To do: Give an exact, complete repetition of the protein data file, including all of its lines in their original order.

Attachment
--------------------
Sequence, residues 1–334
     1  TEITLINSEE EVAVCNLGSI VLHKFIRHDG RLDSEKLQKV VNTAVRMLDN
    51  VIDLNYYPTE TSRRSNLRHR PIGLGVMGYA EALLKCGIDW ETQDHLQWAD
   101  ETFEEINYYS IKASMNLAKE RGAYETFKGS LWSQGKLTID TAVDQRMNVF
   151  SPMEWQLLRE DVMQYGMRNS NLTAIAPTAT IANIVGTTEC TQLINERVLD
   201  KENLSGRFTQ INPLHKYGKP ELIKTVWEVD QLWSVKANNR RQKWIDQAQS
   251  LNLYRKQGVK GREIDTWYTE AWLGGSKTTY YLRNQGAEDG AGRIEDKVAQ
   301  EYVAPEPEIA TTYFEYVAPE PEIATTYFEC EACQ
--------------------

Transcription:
Sequence, residues 1–334
     1  TEITLINSEE EVAVCNLGSI VLHKFIRHDG RLDSEKLQKV VNTAVRMLDN
    51  VIDLNYYPTE TSRRSNLRHR PIGLGVMGYA EALLKCGIDW ETQDHLQWAD
   101  ETFEEINYYS IKASMNLAKE RGAYETFKGS LWSQGKLTID TAVDQRMNVF
   151  SPMEWQLLRE DVMQYGMRNS NLTAIAPTAT IANIVGTTEC TQLINERVLD
   201  KENLSGRFTQ INPLHKYGKP ELIKTVWEVD QLWSVKANNR RQKWIDQAQS
   251  LNLYRKQGVK GREIDTWYTE AWLGGSKTTY YLRNQGAEDG AGRIEDKVAQ
   301  EYVAPEPEIA TTYFEYVAPE PEIATTYFEC EACQ